In terms of unwillingness to eat, the cause can also be at the other end of the leash – i.e. with the dog owner. Often bad eating habits are unconsciously reinforced or the dog’s unwillingness to eat is misinterpreted. The most common mistakes include:

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Overfeeding

A dog’s apparent loss of appetite only arises in the dog owner’s head. The cause is false expectations. Many owners overestimate their dog’s actual food needs and are concerned if they eat less than the manufacturer’s recommended amount of food. Treats are also often not added to the daily feed ration. It’s so simple: the dog is full, period!

Learned loss of appetite

This problem behavior is particularly evident in dogs that have had no appetite for a long time due to an illness and should be fed again. While the concerned owner does everything in his power to encourage the dog to eat, the dog misunderstands his human’s efforts. He combines his own “not eating” with the attention of his owner: the more hesitantly he eats and the more often he turns to the bowl, the more attention he receives. A vicious circle that puts pressure on dogs and humans alike.

Showing affection for your dog while they are eating is extremely counterproductive. © Shutterstock.com/AVAVA

Variety in the bowl

Anyone who constantly offers their dog new types of food – in the belief that they are doing him good – attracts a picky eater. The contents of the bowl are often ignored – after all, a new taste experience is already on hold. Frequent feed changes can also lead to digestive problems, as the intestinal flora has to constantly adapt to new conditions. Variety, yes, but only to a certain extent!

No feeding rituals

Especially during puberty, a dog will try everything to move up the pack hierarchy. This works particularly well with a feed refusal, because nothing secures him the attention of his mistress or master more than an untouched bowl. Therefore, establish fixed rules with regard to feeding early on: Let your dog wait until you have filled his bowl and put it down and only then give permission to eat. Establish fixed feeding times and clear the bowl away after 15 minutes at the latest. Of course, delicacies from the table should be taboo.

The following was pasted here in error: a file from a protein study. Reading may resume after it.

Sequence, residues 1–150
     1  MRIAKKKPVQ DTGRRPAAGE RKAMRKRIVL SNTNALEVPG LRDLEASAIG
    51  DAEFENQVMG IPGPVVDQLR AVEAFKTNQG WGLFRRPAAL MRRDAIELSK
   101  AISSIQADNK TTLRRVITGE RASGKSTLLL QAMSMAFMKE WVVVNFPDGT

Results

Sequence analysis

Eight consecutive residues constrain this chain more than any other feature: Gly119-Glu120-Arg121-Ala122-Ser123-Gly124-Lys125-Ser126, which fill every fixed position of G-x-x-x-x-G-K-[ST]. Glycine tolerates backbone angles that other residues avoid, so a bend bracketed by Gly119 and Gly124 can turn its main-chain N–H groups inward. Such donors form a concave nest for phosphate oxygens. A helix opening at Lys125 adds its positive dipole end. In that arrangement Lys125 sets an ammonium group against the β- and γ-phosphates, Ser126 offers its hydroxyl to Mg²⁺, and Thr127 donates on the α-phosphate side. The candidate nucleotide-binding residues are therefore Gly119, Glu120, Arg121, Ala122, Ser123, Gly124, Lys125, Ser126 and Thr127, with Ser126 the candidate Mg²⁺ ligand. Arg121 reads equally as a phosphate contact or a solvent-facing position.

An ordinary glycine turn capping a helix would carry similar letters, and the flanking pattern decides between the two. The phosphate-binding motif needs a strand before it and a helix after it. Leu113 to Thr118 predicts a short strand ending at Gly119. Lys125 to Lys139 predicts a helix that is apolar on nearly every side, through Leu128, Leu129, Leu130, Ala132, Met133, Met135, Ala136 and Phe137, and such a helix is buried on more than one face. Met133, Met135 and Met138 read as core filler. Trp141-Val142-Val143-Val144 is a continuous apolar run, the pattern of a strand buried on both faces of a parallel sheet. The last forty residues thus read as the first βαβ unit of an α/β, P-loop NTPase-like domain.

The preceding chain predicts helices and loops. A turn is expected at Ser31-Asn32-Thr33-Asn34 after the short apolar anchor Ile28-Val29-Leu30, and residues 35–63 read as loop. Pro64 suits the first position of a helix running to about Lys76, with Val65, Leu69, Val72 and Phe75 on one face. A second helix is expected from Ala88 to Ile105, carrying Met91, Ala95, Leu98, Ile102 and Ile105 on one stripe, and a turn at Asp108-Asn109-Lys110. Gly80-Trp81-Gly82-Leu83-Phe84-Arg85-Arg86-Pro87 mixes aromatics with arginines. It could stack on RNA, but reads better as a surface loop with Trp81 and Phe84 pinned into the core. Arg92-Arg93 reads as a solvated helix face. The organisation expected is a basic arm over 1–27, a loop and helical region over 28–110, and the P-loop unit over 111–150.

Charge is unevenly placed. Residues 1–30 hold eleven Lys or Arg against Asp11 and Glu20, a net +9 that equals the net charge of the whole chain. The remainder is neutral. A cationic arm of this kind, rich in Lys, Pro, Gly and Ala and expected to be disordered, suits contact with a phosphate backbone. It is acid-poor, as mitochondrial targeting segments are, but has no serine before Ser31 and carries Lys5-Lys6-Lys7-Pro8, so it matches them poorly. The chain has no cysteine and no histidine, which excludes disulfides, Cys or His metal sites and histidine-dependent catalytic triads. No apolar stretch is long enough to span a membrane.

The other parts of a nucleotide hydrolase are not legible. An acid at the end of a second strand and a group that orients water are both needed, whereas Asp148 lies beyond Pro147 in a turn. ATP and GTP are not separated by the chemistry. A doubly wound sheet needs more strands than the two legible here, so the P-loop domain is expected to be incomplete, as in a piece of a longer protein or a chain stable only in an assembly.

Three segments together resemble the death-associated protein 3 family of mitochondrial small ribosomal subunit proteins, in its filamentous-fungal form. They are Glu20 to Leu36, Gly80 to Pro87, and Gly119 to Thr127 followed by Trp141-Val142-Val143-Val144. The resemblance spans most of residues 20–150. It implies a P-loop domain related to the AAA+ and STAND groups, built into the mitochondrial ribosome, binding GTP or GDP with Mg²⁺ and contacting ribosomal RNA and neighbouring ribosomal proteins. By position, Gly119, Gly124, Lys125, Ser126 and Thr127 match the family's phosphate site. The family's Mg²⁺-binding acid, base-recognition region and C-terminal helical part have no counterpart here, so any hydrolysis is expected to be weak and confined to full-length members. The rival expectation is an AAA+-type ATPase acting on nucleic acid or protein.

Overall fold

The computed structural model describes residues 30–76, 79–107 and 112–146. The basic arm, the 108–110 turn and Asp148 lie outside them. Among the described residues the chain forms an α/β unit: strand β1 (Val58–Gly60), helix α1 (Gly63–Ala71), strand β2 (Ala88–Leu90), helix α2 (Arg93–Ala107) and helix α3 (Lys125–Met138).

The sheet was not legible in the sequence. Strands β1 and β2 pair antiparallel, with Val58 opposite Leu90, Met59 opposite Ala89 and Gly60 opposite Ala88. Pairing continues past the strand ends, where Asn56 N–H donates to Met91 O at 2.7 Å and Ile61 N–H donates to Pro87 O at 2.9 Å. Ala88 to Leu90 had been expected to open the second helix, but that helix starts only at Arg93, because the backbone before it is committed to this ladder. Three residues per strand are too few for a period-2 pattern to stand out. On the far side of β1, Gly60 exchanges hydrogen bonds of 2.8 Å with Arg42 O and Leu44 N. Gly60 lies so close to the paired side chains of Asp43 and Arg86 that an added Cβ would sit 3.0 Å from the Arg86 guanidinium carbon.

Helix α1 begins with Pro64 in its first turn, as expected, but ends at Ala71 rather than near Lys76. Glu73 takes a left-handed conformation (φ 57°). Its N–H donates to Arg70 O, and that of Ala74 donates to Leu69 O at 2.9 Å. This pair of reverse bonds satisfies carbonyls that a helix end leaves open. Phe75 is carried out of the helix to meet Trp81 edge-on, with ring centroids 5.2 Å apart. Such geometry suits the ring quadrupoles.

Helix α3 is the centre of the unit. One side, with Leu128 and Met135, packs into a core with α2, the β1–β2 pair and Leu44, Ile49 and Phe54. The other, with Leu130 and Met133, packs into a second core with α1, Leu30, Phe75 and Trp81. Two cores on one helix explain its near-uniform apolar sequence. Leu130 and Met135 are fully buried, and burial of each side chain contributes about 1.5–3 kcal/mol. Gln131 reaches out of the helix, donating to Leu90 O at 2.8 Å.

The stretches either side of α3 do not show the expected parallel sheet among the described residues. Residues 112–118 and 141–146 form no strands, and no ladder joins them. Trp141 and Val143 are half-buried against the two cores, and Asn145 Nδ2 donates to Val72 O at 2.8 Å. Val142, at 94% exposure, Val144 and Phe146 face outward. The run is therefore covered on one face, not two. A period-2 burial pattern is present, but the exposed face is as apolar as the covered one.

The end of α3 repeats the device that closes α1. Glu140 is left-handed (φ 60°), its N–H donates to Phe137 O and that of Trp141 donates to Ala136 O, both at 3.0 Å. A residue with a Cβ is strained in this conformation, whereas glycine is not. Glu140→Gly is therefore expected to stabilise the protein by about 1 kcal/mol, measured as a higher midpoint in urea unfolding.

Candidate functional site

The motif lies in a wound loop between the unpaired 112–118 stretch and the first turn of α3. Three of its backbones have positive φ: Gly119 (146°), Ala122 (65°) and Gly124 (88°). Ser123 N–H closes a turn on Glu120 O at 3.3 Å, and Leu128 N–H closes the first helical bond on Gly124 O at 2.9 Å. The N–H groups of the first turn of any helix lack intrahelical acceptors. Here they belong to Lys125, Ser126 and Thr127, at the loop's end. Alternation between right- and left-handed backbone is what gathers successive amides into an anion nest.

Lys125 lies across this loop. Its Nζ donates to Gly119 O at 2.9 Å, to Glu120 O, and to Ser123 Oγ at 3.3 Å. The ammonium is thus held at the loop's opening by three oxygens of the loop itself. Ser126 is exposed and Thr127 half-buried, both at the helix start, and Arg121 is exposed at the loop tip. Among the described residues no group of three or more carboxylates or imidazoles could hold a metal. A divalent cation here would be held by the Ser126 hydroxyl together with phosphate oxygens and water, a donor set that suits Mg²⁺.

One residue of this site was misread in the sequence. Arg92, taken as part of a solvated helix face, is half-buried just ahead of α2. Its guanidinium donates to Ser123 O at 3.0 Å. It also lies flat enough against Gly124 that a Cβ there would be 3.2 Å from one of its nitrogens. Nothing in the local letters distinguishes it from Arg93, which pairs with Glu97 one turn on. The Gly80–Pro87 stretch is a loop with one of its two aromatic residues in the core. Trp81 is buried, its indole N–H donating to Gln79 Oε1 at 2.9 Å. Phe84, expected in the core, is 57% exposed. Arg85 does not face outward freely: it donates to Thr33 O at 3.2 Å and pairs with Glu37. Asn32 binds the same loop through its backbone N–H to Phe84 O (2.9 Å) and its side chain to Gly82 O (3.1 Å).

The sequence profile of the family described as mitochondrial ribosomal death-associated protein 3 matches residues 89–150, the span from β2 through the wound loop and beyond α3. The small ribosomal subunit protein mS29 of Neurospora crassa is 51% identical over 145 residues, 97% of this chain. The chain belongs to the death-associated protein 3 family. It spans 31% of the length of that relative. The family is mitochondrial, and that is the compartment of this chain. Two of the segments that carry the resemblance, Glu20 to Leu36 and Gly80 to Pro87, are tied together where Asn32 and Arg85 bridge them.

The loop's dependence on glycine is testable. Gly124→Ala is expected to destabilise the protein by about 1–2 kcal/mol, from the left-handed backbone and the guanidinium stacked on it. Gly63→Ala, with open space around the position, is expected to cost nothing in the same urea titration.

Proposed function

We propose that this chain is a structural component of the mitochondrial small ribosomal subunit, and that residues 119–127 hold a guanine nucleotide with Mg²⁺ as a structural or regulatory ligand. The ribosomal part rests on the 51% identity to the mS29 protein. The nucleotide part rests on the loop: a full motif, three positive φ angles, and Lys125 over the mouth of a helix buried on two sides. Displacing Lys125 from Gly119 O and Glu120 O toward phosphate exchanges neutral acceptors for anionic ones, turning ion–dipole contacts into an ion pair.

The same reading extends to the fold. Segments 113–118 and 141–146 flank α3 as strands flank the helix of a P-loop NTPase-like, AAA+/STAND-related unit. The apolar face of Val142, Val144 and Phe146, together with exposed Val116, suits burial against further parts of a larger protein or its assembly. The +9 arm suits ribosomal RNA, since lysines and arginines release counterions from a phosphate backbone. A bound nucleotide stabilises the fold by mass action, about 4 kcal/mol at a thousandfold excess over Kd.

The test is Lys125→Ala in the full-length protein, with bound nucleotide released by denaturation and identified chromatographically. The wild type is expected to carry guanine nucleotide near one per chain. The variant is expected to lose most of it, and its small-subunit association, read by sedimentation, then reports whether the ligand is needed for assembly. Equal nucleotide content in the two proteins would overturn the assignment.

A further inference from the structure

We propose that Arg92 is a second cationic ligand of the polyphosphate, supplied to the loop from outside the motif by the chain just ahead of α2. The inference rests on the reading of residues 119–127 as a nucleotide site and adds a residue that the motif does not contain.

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Food paranoia

Shy dogs in particular sometimes have the feeling that their owner is claiming the food for themselves. They feel insecure and do not know exactly whether they are allowed to eat or not. In such a case, it is advisable to leave the room for a short time. In general, a dog should be left alone while eating.

Your dog won’t eat because other factors are affecting him

Apart from clinical, psychological and educational causes, the following factors can also prevent your dog from eating or eating very little:

  • Weather conditions: Many dogs eat less than usual at high temperatures. Make sure you are drinking enough fluids.
  • Change of teeth: Between the fourth and seventh month of life the permanent teeth erupt in dogs. Meanwhile, the food can be soaked to make it easier to chew.
  • Senior: As a dog ages, smell and taste decrease. A slight warming of the food can help.

If the senses decline with age, this can also affect the dog’s appetite. © Shutterstock.com/Alex Mladek

If the dog does not eat – conclusion

There can be both harmless and dangerous causes behind dog refusal to feed. The general rule is: Better to go to the vet once too much than too little. If your dog consistently refuses all food and shows other symptoms of the disease at the same time, you should not waste time and consult a veterinarian.